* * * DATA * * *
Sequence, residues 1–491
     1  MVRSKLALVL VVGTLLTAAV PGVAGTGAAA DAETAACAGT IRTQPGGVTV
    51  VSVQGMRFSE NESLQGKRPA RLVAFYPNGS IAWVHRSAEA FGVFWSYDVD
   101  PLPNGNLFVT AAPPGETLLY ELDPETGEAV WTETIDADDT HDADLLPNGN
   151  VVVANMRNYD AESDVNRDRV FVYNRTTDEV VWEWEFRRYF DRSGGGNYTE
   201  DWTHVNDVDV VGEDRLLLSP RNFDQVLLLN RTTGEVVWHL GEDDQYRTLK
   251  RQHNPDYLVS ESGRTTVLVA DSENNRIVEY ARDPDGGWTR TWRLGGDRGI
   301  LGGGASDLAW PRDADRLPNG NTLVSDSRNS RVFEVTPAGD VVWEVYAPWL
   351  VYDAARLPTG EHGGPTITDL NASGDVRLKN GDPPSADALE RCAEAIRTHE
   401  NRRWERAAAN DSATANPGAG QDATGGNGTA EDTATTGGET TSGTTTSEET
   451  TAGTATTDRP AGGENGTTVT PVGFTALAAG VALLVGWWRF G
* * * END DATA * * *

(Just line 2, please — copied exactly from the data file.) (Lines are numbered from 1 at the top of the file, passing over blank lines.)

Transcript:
     1  MVRSKLALVL VVGTLLTAAV PGVAGTGAAA DAETAACAGT IRTQPGGVTV